These statements contained some bombshells about Mormonism’s past that will not be news to most students of history but may indeed prove disturbing for some rank-and-file Latter-day Saints.
Five highlights of the revelations:
Greg Perreault Oct 24, 2014
Gabbie Rhodes Oct 23, 2014
In 2012 a Pew Foundation Survey on religion showed that 20 percent of Americans placed themselves in an “unaffiliated” category. Additionally, a book that covers this topic also explains that these “unaffiliated” people are generally not hostile towards having a scientific approach to life. In fact, this percent of people embrace the scientific aspect of life but as they do this they also look at life in awe and amazement, which is perceived as being spiritual. Now, the main point of this is that essentially 20 percent of Americans are trying to understand the relationship between the world of science and our spiritual experiences. They want to know how spirituality and science can work together without adding in any type of religious influence.
So, I want to know whether or not you think spirituality can have any type of relationship with science or if it only relates better with religion?
Adelle M. Banks Oct 23, 2014
(RNS) The trustees of Southwestern Baptist Theological Seminary have affirmed the school’s president, Paige Patterson, after investigating his decision to admit a Muslim student into the school’s Ph.D. program.
Patterson, one of the most revered Southern Baptist figures and an architect of the conservative resurgence of the Southern Baptist Convention a generation ago, faced heavy criticism from some Baptists who accused him of violating the standards of his school in Fort Worth, Texas.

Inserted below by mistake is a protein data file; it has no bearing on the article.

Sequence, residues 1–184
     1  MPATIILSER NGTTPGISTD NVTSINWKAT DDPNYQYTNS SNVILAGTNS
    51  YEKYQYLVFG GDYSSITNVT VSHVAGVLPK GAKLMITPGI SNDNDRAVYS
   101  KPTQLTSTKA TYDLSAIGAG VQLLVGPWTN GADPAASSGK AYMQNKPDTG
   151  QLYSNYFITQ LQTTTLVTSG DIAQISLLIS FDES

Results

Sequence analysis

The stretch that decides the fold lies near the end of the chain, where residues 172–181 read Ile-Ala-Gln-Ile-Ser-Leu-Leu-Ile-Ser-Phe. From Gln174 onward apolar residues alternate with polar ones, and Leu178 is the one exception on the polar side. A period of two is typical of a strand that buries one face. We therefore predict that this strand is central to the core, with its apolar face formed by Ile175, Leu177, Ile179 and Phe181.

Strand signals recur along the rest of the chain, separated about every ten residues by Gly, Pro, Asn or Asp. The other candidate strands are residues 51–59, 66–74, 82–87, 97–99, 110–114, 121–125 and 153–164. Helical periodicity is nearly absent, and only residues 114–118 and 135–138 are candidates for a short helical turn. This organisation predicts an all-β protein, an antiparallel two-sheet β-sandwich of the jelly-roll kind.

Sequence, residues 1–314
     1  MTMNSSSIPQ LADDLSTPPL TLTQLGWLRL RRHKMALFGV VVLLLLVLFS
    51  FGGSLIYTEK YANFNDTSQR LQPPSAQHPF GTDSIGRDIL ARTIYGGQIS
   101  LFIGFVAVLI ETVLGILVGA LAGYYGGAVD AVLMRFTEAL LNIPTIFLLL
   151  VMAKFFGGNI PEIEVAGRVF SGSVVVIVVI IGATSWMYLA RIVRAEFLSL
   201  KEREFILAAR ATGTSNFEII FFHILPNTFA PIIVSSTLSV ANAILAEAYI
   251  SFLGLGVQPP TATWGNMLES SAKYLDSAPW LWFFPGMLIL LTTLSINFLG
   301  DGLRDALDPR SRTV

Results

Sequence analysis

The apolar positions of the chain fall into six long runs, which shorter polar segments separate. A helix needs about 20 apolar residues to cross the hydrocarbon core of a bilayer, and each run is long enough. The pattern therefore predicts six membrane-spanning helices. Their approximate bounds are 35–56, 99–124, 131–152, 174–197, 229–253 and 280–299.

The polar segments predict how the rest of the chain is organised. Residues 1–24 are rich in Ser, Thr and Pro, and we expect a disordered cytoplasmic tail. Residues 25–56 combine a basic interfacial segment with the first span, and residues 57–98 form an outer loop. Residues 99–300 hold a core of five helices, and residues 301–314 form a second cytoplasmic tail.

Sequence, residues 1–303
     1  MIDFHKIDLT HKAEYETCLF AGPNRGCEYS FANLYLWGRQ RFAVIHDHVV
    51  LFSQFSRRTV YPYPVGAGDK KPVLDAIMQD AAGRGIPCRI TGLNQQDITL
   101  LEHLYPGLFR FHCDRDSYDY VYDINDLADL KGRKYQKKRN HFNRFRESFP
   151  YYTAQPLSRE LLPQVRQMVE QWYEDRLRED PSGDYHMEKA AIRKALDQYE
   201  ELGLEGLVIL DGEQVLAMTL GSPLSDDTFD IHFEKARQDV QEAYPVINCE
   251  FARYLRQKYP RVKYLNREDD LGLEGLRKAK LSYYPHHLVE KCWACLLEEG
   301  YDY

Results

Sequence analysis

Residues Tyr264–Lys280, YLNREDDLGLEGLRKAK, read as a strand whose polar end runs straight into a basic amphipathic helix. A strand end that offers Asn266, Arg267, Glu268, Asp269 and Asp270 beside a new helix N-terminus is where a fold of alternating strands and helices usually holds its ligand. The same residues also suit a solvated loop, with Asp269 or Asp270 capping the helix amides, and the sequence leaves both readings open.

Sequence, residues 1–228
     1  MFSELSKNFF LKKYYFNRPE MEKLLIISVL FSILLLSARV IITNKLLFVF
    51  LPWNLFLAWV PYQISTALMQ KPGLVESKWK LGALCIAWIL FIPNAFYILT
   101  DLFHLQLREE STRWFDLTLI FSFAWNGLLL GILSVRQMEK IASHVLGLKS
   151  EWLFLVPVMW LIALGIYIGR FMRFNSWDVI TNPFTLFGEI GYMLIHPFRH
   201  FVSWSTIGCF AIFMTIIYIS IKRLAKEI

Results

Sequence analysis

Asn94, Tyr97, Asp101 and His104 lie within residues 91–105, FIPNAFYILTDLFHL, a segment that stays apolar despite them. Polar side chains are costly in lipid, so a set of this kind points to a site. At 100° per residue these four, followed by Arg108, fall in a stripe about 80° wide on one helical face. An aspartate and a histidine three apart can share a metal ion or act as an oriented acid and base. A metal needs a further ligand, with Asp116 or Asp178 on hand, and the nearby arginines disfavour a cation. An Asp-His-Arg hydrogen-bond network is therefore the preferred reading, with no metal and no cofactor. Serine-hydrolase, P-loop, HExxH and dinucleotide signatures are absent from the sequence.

“We join with our fellow Southern Baptists in appreciation for and admiration of the evangelistic heart of our president, Paige Patterson,” the trustee board said in a statement Wednesday (Oct. 22) as it concluded its fall meeting.
“Any violations of the seminary bylaws were done in a good-faith enthusiasm to pursue the seminary’s purpose, as set forth in its articles of incorporation.”
The trustees have closed their investigation, and Patterson told Religion News Service after the meeting that the Muslim student, Ghassan Nagagreh, is no longer enrolled at the seminary.
Timothy Carson Oct 22, 2014
It is almost a ludicrous comparison but I will make it anyway: I understand Pope Francis’ dilemma. There, I said it. It is obvious that this Protestant pastor is neither Catholic nor a bishop, certainly not the Bishop of Rome. Yet we share many things in common. The scale and context is different, of course. But certain matters cross every ecumenical line.
Francis just completed a major conclave with his many bishops. The focus was on the Christian family and how the Church might teach and shepherd a confused flock in these turbulent times. This is no easy task, period. We live in a baffling era. Faith, belief and practice have shifted, no matter the doctrinal convictions of the ages. And how contemporary Christians and families view the church, what they need from and are able to offer to the church has changed. The Prince of Rome has his work cut out for him.
On the surface of appearance one might assume that every Cardinal and Bishop is in lock step with their Pontiff. Such is not the case. A Pope might attempt to rule with an iron fist. But a global manifestation of church resists such micro-managing. Those many bishops were handpicked for their roles under different Papal administrations. There are the traditionalists and the progressives. Whatever posture a Pope might take he is shepherding an unwieldy group of shepherds. This came to the fore during the most recent gathering.
Though the Nicene Creed confesses that there is one church universal, that one church is in no way unified around LGBTQ matters. Putting aside the complicating cloud of recent clergy sexual abuse cases that often involved priests with boys, the church is not of one mind on either sexual identity or orientation. The ecclesial wheels of change grind slowly and unevenly, continent by continent. Whereas Pope Francis has advocated for a much more pastoral and open invitation to gays in the life of the church, the bishops resisted, scaling back that invitation and the change it represented. The Pope went public, bringing to light the difference between original drafts of the statement and how it was revised by more cautious bishops.